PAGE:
Written by
Michał Gajowczyk

Michał Gajowczyk

(Fr)agile way of delivering things – a little insight from a lawyer’s perspective

Picture this: you are building your dream house. A typical knee-jerk reaction when entering into legal arrangements with your construction company would be to outline precisely:

  • What you want to build
  • How you want it to be built
  • When will you be able to move in
  • How much is this going to cost you
  • Will you have a warranty period if anything goes wrong with the house when you move in?

Now, let’s turn the whole scenario on its head. Imagine if the construction company approaches you and proposes that:

  • They will build a house for you without detailed design from the outset
  • The house will be built in 1-2 month stages and you will be responsible for providing updated feedback after each iteration is complete. You can tell them what needs to be done differently and if anything needs to be added in comparison to previous phases
  • You won’t be provided with an estimate for the work, instead of an overall project cost you will be charged per hour and for materials used.
  • You will not be entitled to a warranty afterwards.

Sounds like something from a science fiction movie right?? Let’s skip contesting each-and-every aforementioned assumption on the grounds of fiscal, organisational or legal absurdity. Instead, let’s conclude that not every product or service is likely to use the second approach as it is usually the nature of the particular service which makes it more beneficial for both parties to deliver either the first or second approach.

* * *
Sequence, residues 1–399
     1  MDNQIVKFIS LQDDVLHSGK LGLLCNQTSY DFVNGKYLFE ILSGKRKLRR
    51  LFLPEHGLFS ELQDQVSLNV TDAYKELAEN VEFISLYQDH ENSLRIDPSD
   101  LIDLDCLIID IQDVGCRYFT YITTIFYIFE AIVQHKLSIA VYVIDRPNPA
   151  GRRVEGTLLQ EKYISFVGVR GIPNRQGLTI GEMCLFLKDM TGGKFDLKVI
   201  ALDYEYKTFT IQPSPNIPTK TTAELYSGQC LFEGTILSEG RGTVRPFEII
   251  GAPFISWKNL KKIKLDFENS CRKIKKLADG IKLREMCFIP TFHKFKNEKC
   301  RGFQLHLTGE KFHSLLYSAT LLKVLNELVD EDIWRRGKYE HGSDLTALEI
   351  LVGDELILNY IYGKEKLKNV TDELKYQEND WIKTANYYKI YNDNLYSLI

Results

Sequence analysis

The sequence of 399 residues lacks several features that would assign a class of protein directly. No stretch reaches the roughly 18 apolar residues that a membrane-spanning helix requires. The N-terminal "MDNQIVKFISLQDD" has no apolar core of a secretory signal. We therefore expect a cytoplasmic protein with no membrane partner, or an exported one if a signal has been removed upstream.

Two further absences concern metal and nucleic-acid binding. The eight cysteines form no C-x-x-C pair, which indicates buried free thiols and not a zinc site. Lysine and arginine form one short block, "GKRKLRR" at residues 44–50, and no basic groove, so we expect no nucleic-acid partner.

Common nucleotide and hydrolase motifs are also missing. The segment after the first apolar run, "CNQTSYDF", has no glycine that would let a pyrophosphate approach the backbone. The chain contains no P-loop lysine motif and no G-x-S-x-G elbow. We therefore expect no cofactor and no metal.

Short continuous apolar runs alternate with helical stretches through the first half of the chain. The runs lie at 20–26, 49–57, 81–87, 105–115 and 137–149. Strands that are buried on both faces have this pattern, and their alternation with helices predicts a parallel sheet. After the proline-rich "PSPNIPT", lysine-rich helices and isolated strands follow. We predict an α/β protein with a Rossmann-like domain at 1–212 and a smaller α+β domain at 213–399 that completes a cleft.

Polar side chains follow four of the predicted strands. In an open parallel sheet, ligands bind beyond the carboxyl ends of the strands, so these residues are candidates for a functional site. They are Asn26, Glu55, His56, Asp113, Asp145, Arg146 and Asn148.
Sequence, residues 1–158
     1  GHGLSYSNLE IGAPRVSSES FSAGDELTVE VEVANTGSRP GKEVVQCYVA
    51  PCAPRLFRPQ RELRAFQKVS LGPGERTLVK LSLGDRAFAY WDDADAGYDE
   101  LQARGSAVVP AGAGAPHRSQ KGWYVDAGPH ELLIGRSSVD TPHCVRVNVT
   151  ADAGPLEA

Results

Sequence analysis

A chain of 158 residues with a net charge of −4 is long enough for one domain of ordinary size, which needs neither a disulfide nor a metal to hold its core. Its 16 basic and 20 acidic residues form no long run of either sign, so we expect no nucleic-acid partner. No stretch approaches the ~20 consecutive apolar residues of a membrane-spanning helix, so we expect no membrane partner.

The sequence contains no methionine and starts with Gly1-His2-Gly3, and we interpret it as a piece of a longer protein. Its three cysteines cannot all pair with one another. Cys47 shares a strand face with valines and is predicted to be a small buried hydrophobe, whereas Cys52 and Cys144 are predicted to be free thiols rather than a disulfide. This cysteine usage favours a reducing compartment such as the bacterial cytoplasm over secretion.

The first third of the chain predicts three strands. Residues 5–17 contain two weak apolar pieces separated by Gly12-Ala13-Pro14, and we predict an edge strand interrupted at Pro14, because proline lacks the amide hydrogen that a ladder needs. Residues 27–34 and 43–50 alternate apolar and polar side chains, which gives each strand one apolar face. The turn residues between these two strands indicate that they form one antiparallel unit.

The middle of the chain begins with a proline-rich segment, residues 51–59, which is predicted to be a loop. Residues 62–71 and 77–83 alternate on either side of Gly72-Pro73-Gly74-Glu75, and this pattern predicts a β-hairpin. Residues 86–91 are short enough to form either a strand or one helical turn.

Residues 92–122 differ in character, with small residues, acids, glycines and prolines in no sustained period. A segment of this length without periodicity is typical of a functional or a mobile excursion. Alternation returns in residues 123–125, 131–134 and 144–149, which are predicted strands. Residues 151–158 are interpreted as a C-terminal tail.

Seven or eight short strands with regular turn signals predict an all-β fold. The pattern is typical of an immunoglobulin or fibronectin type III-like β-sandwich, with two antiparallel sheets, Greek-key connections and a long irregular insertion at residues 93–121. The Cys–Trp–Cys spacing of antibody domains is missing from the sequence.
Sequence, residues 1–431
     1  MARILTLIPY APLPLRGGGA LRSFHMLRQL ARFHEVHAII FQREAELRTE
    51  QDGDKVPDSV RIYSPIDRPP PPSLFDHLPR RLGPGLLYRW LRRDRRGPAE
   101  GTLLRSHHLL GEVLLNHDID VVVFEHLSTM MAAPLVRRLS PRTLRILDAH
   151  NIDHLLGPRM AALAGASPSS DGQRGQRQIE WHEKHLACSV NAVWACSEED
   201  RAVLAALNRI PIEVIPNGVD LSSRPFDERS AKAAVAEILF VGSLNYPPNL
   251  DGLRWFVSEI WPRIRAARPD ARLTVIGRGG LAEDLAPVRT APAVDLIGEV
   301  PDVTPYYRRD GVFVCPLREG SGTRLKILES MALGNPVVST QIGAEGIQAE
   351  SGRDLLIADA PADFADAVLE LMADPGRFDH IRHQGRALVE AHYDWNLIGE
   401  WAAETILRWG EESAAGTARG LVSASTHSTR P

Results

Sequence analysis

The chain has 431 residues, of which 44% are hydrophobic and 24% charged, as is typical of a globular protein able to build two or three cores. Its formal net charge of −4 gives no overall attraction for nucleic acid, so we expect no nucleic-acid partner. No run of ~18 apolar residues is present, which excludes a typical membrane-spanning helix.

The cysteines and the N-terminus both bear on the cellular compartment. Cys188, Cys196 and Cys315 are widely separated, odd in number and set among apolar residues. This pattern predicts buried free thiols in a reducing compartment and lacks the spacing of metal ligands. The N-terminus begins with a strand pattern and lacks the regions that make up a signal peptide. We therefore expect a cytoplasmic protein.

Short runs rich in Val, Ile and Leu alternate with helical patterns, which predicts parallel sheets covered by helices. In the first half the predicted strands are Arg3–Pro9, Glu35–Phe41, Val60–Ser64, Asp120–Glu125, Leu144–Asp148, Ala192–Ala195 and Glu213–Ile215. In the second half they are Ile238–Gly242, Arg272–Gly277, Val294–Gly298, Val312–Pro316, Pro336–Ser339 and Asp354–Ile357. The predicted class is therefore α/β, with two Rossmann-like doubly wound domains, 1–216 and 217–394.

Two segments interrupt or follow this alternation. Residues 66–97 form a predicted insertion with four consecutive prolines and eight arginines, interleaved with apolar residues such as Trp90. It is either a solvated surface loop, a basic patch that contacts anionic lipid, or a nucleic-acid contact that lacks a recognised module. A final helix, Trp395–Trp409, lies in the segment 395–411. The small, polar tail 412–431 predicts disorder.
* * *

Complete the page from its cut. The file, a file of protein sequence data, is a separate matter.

The first approach is often referred to as the Waterfall method of delivery. The reason it is called the Waterfall method is that each stage follows on from the previous one, creating a waterfall style image. When this approach is applied within software delivery you should follow a distinct set of stages in the project life cycle – e.g. (Requirements, Analysis, Design, Implementation, Testing, Installation and Maintenance).

The second method is known as the Agile development methodology. The aim of this approach is to make a software development unit more responsive to changes given how rapidly the Internet software industry is growing, combined with the thriving mobile application environment. It refers to a collaborative approach to projects, where requirements and solutions evolve through co-operation between customers and development teams.

At Objectivity we believe that delivering software through an Agile methodology is the best way to meet client’s business expectations, even if sometimes those expectations are unknown or vague at the beginning of project. We specialise in Agile development so effectively that you could say we have a Ph.D in using it!